DULUTH, Minn. (WLNS) – As the winter snow melts, the road salt and other chemicals used to treat icy roads are slowly making its way into lakes, rivers, and streams.
“We can’t continue to put salt in a freshwater environment like Lake Superior and expect it to stay the same,” said Chris Cheney, maintenance operations director for the Minnesota Department of Transportation’s First District, which covers the northeastern part of the state.
The Minnesota Department of Transportation is teaming up with the University of Minnesota Duluth’s Natural Resources Research Institute to test the environmental effects of an alternative to road salt, called potassium acetate, the liquid de-icer often used on airport runways.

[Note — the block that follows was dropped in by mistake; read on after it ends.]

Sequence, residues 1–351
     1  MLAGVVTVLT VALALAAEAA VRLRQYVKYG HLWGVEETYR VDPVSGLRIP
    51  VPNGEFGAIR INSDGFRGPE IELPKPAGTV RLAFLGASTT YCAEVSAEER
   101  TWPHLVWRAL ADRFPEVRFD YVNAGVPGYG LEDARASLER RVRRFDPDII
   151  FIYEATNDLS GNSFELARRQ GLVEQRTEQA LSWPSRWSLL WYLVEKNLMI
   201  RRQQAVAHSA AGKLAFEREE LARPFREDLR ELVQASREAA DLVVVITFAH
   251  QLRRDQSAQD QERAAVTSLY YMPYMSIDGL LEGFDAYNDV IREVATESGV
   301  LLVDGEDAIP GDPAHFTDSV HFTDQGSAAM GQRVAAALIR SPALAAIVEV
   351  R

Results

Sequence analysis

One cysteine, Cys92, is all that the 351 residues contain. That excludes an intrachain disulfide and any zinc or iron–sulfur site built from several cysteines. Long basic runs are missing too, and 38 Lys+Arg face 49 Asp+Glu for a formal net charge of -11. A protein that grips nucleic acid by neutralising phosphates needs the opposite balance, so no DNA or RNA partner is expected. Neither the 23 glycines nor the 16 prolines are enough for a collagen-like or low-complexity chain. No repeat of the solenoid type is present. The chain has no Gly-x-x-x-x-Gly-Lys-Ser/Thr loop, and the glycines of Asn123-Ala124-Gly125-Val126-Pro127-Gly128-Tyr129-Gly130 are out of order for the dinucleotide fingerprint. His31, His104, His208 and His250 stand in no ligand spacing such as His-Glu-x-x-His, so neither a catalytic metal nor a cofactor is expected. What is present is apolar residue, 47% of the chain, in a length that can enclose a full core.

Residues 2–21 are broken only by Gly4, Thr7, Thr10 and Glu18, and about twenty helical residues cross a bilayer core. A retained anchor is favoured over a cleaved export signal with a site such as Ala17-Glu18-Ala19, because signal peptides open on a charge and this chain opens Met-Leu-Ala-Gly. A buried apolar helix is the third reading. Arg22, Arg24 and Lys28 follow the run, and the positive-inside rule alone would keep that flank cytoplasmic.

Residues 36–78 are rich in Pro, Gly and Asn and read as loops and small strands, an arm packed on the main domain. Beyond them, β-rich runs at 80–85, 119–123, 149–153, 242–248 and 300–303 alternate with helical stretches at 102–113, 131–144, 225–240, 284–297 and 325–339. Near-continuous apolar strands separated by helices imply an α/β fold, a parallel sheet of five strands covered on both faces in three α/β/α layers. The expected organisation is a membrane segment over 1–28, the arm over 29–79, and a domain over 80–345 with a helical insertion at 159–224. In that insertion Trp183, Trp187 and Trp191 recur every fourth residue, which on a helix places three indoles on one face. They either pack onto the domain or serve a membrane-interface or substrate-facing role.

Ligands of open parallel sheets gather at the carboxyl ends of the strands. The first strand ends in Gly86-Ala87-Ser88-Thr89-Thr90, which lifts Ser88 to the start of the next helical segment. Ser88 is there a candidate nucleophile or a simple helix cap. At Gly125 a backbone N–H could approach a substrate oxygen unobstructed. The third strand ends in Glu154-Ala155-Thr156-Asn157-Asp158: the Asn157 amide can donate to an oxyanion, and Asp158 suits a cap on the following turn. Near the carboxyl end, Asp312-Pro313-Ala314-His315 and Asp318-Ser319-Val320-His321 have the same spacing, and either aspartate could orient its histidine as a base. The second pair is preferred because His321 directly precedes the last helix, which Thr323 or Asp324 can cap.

The research team is also working with the Minnesota Department of Natural Resources to figure out where the most road salt is washing into Lake Superior’s tributaries, according to Star Tribune.
Road salt does not degrade or evaporate over time which caused scientists to warn that rising levels could threaten aquatics life and turn tap water salty.
Potassium acetate is biodegradable, does not corrode infrastructure, and works in colder temperatures than salt does, according to researchers.
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